Porcupine Abyssal Plain expedition blog
The RRS James Cook is off to the Porcupine Abyssal Plain in the North Atlantic to recover data from an observatory moored there. The PAP site is located in 4000 metres of Atlantic Ocean, southwest of Ireland. It is an important permanent site for deep ocean research.
The scientists will be recovering a suite of moorings that was deployed a year ago at the PAP site, and then redeploy new moorings. The moorings carry sensors to record sea temperature, nutrients, productivity and meteorological variables all year round, but the in-depth studies which will be carried on over the next few days will be used to add extra value to the mooring data, as well as answer specific scientific questions. Samples will be taken of the sediments in the seabed, microbes will be counted and nets deployed to look at slightly larger fauna, and all the samples taken will be processed, and some analysed. This blog will explore some of the research that goes on during an expedition.
About the JO071 blogger
Maureen Pagnani: how I got to be at 16 degrees W, 49.5 degrees N
I have been working with the PAP data since 2002, processing numbers, plotting graphs and creating the web sites. At NOC I am a data manager, and so as with most people lucky enough to be on this cruise I have several roles. As well as documenting many of the activities in video and in still photos I am making sure that all the work we do is documented and all the metadata (data about data) is recorded. These are such things as the exact latitude and longitude, water depth and time that each activity takes place. This will ensure that the data collected will be of value to any and all scientists in the future.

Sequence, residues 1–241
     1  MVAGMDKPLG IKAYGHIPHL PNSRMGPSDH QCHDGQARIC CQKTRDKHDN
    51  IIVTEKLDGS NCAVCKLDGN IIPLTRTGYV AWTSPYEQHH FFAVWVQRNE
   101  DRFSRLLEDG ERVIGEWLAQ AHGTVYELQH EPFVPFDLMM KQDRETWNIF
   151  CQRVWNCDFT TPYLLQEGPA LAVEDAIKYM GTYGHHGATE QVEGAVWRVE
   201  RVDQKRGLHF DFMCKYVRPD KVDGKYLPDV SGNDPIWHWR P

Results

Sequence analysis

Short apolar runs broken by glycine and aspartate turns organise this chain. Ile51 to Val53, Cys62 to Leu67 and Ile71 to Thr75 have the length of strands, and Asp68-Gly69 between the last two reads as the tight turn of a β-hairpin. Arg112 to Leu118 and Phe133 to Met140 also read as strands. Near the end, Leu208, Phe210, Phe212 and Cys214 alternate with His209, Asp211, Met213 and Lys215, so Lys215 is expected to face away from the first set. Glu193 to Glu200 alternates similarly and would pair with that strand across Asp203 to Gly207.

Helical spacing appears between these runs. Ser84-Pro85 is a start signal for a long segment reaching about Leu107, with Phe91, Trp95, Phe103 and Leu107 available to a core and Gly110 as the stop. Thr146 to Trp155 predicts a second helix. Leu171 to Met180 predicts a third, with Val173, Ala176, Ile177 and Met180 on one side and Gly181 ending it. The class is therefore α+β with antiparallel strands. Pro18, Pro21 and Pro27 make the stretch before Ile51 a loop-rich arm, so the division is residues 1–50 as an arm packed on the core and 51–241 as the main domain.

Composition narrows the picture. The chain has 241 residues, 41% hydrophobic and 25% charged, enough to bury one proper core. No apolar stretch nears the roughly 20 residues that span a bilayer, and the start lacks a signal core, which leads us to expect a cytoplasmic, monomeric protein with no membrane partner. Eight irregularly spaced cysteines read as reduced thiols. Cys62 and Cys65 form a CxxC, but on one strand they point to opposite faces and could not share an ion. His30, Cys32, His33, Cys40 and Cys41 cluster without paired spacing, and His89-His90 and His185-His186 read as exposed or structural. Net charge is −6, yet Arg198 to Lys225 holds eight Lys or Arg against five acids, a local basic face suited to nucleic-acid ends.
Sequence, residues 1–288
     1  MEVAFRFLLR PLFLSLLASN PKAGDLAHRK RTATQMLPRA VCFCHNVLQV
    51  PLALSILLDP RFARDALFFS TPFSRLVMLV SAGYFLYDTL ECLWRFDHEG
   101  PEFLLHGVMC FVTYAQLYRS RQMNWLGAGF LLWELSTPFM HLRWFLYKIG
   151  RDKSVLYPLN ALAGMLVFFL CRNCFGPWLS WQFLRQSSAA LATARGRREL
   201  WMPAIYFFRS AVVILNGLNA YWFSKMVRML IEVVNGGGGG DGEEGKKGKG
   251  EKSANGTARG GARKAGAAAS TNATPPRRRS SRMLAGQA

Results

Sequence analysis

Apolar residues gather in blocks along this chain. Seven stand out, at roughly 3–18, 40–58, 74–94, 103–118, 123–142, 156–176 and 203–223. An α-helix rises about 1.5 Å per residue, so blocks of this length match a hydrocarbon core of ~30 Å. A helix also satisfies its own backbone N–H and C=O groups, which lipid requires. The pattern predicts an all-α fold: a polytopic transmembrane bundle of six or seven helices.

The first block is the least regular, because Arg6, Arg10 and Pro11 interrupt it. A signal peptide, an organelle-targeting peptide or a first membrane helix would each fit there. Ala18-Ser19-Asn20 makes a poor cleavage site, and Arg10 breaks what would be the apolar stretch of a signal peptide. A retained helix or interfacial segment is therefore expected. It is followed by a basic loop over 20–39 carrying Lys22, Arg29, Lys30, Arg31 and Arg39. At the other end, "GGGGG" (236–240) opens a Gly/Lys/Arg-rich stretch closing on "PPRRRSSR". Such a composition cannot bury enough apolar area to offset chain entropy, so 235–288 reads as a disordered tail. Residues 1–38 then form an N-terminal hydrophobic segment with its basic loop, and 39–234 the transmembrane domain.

IODP Expedition leg 430
Scientists based at the National Oceanography Centre, NOC, are onboard the RV JOIDES Resolution as part of the Integrated Ocean Drilling Program, IODP. Expedition 340 will look at volcanism and landslides around the Lesser Antilles.
Blogging from the Southern Ocean
The RRS James Cook is in the Southern Ocean on a 51-day expedition to look at deep water mixing in this turbulent ocean. Two young scientists aboard, Alex Brearley and Katy Sheen, are running an expedition blog from the ship at: dimesuk3.blogspot.com